One of the more fantastic experiences that I’ve enjoyed in my lifetime was an opportunity, several years ago, to scuba dive along Australia’s Great Barrier Reef. This is truly one of the world’s great natural splendors; it is the largest living thing on Planet Earth, stretching some 900 miles, and it is also much larger than anything that humans have ever constructed. Chock full of colorful marine life, surrounded by crystal-clear waters and easily accessible from Australia’s mainland, the Great Barrier Reef is one of the world’s great tourist attractions. But like virtually every one of the world’s most irreplaceable natural treasures, the reef is under environmental assault in the 21st Century.
Environmental runoff caused by humans harms the corals with toxic pollution or by creating algae blooms that deplete the water of its natural oxygen. The runoff also frequently contains pesticides or pollution from mining waste. But more recently, concern has shifted to the issue of climate change and the impact that a dramatically warmer Pacific Ocean is having on the reef, largely by speeding the process known as bleaching. Earlier this year, Outside magazine caused something of a global environmental panic with a piece which flatly declared that the Great Barrier Reef is dying from bleaching of the corals — a claim that scientists insisted by greatly exaggerated, and not helpful.
Scientists have confirmed the coral bleaching event that struck the Great Barrier Reef earlier this year led to the worst coral die-off on record.
The worst affected area is a 700km section in the north of the reef, in which 67% of shallow water corals have died in the past nine months.
“Most of the losses in 2016 have occurred in the northern, most-pristine part of the Great Barrier Reef. This region escaped with minor damage in two earlier bleaching events in 1998 and 2002, but this time around it has been badly affected,” said Terry Hughes, director of the Australian Research Council Centre of Excellence for Coral Reef Studies at James Cook University.
Scientists say the northern section of the reef will take at least 10 years to recover, but are concerned that rising ocean temperatures caused by climate change will lead to another bleaching event within that period, meaning many corals will not be given sufficient time to return to full health.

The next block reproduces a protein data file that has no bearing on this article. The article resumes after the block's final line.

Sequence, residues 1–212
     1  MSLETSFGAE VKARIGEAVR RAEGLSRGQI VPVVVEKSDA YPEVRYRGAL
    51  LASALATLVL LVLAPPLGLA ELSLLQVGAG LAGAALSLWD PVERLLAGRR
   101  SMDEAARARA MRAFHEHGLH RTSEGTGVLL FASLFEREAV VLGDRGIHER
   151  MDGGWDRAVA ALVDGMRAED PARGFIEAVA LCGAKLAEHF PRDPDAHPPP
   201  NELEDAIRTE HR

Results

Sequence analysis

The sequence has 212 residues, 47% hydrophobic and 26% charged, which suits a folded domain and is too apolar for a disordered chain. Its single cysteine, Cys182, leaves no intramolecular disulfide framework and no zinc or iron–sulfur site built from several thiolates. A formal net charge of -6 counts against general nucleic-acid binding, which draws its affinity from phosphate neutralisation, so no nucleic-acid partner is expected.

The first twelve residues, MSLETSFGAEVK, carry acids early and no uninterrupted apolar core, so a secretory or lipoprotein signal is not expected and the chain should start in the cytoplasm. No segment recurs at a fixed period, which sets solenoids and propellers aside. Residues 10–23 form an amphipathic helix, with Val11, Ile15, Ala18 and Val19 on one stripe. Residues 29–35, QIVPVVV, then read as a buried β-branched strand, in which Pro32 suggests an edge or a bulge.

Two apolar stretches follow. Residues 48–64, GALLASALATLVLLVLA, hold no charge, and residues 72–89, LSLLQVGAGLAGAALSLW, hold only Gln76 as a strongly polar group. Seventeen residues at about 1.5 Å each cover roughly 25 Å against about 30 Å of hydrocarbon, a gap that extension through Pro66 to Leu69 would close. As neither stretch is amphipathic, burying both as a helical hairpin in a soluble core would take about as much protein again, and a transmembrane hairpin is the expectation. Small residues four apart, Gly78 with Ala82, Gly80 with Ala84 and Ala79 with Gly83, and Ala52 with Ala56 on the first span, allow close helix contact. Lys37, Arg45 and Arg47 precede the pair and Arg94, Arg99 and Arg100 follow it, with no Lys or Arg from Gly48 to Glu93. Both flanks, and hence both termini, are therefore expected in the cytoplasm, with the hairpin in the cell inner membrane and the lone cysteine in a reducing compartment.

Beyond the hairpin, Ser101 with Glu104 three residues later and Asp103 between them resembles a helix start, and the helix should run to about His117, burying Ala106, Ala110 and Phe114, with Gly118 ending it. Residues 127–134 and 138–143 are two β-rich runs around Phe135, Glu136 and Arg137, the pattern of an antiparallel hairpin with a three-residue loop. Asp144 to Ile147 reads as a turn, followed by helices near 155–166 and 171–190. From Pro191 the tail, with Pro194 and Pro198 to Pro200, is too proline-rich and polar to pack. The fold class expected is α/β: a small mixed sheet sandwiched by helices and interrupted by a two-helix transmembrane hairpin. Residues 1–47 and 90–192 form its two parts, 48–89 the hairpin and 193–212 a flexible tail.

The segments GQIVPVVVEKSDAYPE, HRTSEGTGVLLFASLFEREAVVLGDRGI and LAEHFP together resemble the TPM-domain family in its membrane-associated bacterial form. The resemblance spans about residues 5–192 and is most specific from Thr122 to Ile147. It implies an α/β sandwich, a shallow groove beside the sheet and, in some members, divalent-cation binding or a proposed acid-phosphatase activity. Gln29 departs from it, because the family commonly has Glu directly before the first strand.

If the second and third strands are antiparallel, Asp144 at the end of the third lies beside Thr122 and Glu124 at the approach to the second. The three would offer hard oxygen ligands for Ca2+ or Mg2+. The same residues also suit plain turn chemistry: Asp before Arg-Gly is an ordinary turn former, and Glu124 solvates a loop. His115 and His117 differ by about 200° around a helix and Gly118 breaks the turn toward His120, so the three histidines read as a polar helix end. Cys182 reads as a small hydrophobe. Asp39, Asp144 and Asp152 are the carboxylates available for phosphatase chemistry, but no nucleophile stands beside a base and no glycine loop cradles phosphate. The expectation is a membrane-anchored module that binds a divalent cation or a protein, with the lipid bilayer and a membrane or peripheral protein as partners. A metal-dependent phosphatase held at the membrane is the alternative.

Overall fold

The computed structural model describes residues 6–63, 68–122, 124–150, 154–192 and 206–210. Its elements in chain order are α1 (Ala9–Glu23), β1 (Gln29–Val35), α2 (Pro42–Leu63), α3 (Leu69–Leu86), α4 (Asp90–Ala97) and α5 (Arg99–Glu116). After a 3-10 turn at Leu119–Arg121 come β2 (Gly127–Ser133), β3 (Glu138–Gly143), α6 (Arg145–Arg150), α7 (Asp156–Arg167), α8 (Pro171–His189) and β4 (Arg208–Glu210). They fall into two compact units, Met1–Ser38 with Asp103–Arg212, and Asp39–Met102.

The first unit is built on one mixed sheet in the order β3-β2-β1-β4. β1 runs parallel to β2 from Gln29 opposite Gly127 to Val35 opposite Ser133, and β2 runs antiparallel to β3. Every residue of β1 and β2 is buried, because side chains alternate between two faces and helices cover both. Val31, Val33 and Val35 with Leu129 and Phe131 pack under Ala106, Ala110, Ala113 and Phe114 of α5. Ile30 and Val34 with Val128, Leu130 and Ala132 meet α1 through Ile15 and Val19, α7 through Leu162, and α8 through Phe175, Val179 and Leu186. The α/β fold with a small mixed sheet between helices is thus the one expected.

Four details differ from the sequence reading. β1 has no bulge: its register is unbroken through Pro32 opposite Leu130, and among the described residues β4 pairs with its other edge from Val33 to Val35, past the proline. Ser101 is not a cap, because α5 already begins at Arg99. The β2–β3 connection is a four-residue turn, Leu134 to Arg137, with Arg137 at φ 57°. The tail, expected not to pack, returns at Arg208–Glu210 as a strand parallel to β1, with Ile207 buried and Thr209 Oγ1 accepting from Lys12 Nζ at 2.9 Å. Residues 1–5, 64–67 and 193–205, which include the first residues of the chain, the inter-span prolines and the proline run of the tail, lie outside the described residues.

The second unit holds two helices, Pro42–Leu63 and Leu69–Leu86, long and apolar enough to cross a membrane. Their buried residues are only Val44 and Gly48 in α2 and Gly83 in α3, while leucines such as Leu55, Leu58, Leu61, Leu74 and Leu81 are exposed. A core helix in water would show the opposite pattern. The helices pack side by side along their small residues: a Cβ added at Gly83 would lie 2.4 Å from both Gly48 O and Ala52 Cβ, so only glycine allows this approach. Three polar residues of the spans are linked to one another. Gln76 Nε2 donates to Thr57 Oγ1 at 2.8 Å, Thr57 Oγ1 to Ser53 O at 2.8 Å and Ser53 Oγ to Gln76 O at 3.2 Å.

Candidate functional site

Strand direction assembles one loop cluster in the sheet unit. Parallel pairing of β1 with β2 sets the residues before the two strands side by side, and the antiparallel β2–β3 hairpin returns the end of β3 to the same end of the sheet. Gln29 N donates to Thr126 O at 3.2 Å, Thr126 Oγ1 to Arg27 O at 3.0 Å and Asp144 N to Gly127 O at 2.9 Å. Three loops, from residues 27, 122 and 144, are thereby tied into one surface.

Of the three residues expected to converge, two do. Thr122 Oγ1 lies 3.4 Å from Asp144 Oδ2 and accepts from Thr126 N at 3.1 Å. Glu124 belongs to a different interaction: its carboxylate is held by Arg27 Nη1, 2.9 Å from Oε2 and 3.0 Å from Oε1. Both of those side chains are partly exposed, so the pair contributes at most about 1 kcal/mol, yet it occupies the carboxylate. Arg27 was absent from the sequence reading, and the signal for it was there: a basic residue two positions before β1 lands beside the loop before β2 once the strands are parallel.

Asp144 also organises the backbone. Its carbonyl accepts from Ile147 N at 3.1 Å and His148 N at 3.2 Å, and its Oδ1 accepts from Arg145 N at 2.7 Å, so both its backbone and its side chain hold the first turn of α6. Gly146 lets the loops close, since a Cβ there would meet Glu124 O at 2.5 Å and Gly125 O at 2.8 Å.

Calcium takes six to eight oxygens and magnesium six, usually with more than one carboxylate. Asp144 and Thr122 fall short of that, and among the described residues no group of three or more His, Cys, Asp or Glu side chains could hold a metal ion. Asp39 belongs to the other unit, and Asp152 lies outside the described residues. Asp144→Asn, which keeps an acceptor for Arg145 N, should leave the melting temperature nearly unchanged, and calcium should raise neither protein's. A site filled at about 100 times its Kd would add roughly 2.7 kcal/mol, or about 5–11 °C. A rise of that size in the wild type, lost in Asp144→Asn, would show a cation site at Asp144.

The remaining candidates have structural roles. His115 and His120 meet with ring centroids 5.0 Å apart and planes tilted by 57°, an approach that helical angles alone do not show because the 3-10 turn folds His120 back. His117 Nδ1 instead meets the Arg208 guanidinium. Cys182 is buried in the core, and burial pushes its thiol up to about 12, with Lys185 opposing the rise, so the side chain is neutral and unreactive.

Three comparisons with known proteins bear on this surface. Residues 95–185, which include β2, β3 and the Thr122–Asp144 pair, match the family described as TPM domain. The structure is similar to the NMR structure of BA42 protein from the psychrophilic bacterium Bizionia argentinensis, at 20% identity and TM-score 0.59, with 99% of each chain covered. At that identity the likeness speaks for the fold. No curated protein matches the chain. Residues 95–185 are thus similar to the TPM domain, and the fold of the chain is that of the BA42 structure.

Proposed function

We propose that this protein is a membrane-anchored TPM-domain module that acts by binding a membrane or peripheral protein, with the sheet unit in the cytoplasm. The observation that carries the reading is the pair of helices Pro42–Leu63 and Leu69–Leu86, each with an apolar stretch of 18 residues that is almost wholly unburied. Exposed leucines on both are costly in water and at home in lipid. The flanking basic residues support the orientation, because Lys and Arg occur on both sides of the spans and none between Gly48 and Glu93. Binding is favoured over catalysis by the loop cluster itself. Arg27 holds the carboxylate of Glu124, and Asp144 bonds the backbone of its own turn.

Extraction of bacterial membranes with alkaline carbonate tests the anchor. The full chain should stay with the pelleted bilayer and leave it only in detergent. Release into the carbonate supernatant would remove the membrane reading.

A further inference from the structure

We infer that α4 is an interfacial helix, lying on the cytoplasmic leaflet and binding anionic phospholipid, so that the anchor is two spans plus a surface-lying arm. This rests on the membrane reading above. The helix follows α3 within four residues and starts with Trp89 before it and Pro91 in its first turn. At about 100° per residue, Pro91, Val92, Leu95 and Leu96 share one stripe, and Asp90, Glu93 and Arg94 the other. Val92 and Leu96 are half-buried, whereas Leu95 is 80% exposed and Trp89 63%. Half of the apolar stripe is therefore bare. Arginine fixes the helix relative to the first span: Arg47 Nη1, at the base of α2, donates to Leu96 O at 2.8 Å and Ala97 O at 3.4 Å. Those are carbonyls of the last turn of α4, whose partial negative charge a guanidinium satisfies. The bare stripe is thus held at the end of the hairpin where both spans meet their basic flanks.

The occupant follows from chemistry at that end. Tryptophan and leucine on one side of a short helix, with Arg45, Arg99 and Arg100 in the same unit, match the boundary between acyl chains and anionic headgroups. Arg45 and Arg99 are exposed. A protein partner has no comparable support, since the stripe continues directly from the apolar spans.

The bleaching crisis was first uncovered in March, when abnormally high sea temperatures caused corals to expel tiny photosynthetic algae called zooxanthellae, turning the coral white. At the time, 93% of corals surveyed were affected. Some of these corals have recovered in subsequent months, but many are now permanently lost.
Other areas of the reef are doing well — better, in some cases, than the researchers expected to find. What’s more, the government in Australia is launching a $2 billion plan to restore the Great Barrier Reef to full health by 2050. That certainly runs in a different direction from the United States, where the incoming administration has vowed to slash any and all funding related to global warming.
Still, one has to wonder how many headlines such as this the world can absorb. In 2016, the polar ice caps are melting rapidly, the world is setting records for average temperatures on an almost monthly basis, and higher temperatures have caused record flooding in the Southern United States. But the threat to something as beautiful as the Great Barrier Reef is simply unconscionable. If that doesn’t spur the planet to act on climate change, nothing will.
Read more about the 2016 damage to the Great Barrier Reef from Buzzfeed: https://www.buzzfeed.com/robstott/scientists-confirm-great-barrier-reef-coral-die-off-is-worst?utm_term=.ewDonJADPd#.ip1AWdpJ92
Learn more about the need for worldwide action on fossil fuels in my new book, Crude Justice: How I Fought Big Oil and Won, and What You Should Know About the New Environmental Attack on America: http://shop.benbellabooks.com/crude-justice
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